The head of the biggest new vehicle brand here believes companies must face up to their social responsibility
Business has wider responsibility than to simply make money at all costs and those with vested interest in New Zealand’s future should work toward climate change reductions.
Those views about corporate responsibility have been expressed by one of the higher profile national motor industry figures.
Comment from Toyota New Zealand’s chief executive, Alistair Davies, who is also the chairman of the Sustainable Business Council, has come in two stages, initially in a speech to motoring media touching on global economics followed by remarks made in respect a report to Government regarding climate change issues.
Speaking to the automotive press, in a state of the nation address that tied in to the recent launch of an updated Toyota Highlander, he said he and the Toyota company subscribed to the view that business has a wider responsibility that “just make money at all cost.”
“In a modern world, a business has got a whole bunch of stakeholders - not just shareholders,” he contested.
It also had staff, society, customers, “this whole issue of a social licence to operate” and also a responsibility to the planet and the environment.
“In essence, what this is about is that a business needs to be a citizen, a part of the world in which it exists.”
Another impetus for corporate social responsibility was that “a business has got various disciplines and capabilities that can add value to a society.”
Finally, there was also the factor of mutual dependency. “Because, the reality is that a business cannot success in a society that fails, or a planet that fails.”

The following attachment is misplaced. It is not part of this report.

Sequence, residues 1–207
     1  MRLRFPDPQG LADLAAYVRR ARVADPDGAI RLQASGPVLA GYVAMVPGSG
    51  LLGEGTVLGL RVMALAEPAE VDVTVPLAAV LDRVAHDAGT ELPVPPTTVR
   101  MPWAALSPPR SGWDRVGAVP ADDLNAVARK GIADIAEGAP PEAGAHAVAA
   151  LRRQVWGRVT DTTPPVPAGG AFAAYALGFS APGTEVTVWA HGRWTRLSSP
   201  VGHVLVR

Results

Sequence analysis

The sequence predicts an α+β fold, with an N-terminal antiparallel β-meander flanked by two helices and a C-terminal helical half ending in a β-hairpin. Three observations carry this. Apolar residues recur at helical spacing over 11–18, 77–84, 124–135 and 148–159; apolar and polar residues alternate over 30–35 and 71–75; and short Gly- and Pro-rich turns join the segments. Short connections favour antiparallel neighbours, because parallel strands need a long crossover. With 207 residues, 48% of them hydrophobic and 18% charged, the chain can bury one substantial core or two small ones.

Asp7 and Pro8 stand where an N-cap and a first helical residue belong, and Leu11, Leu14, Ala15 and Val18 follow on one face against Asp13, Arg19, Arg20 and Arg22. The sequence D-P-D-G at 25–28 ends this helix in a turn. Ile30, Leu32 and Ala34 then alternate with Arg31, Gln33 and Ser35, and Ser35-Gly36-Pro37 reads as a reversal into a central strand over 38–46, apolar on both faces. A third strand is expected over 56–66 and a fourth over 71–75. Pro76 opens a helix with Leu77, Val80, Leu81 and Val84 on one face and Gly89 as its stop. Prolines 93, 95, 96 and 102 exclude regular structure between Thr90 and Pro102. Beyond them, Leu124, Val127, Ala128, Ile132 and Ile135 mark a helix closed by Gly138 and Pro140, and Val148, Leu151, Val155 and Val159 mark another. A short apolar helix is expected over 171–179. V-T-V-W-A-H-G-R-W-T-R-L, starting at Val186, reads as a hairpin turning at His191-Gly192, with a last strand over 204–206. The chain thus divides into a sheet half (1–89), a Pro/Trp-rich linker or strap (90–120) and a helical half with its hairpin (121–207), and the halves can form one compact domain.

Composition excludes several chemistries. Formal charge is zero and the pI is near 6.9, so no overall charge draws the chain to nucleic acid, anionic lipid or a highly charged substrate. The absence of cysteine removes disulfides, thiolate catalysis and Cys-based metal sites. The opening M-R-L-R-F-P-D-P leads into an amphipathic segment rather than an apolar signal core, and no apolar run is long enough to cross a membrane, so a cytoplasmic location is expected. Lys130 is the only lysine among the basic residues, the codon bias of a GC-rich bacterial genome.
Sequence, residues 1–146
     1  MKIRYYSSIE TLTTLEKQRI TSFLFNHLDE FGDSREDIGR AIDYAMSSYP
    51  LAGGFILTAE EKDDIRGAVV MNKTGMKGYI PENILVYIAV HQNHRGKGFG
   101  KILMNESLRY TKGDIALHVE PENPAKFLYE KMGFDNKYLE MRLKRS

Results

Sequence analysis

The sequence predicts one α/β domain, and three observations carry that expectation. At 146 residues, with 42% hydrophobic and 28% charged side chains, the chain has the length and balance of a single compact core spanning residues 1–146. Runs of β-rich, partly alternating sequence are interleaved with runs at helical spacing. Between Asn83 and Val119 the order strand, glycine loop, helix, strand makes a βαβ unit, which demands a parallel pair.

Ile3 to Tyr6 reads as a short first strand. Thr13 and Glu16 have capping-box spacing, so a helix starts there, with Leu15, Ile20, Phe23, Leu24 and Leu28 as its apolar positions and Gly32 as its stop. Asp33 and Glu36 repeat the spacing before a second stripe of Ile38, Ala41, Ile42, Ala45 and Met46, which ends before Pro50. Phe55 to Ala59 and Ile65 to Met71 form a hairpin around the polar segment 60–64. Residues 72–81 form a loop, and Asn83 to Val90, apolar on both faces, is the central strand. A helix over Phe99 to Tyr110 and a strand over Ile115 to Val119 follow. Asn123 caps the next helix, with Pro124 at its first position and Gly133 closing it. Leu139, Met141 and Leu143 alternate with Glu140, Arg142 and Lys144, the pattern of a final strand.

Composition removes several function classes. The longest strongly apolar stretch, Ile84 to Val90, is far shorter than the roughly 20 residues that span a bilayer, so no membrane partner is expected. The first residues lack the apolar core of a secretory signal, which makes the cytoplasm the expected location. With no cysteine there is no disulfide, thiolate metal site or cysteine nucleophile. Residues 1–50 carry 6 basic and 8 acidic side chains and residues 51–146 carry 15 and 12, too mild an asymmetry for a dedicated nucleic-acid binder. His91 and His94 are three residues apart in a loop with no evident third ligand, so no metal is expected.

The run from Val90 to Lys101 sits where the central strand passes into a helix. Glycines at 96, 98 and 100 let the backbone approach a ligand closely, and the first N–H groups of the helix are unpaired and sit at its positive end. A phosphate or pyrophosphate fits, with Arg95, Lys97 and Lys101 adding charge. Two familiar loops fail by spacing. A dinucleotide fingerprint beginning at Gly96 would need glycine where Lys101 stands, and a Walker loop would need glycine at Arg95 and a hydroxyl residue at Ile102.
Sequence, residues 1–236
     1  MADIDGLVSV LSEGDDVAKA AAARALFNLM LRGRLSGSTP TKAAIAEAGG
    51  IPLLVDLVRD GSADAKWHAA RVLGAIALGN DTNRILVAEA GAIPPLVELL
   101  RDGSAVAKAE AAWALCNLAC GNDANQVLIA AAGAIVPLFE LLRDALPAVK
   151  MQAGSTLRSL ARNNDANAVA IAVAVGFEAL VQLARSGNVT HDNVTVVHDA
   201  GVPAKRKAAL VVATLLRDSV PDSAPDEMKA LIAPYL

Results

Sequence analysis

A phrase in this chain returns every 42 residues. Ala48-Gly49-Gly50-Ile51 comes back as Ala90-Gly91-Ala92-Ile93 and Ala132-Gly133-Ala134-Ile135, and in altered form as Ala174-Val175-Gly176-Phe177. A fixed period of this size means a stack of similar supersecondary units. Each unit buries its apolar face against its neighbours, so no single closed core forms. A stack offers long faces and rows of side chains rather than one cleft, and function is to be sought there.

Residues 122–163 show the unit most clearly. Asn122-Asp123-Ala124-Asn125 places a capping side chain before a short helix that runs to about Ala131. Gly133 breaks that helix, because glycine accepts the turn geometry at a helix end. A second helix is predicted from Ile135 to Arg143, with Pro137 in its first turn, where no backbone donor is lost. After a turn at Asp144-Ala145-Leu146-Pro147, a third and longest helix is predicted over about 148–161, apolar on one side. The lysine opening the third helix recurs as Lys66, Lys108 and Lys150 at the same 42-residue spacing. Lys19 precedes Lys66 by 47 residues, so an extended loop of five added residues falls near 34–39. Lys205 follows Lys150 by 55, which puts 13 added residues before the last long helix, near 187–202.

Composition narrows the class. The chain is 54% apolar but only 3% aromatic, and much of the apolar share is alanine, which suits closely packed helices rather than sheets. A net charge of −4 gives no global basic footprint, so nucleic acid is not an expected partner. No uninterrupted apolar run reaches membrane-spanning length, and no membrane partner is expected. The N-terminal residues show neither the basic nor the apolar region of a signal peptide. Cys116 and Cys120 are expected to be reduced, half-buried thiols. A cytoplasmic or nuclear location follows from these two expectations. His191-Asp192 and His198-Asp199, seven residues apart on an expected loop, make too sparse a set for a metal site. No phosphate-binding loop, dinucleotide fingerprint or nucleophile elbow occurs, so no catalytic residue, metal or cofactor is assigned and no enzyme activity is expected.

He has now abetted that viewpoint with a challenge on behalf of TNZ. The brand said it wants to see all business with a vested interest in the country’s future work toward the climate change and reduction targets in greenhouse gases to meet the Paris climate commitment.
He said his Palmerston North-centred company wants to work with Government to transition to a low carbon economy.
Toyota, which dominates the new car and commercial vehicle market, has cited a report by Vivid Economics, commissioned by the cross-parliamentary GLOBE (global legislators of a balanced environment). This has outlined, Davis said, a set of pathways that could lead NZ to a net zero emissions outcome by 2050.
He said Toyota welcomes the Vivid report as a conversation starter about what need to be done to meet the Paris commitment. He encouraged Government to continue collaborating with business and civil society.
Initial comment on this subject was made as Toyota New Zealand also showcased one of its community-minded associations, Toyota has been a long-term supporter of The Parenting Place, a family skills’ facilitator whose expertise has flavoured the recently-launched Toyota Family Journeys campaign. TNZ believes the organisation’s tips, tools and inspiration it thinks can be beneficial to Kiwi parents can also merge into an effective automotive advertising effort.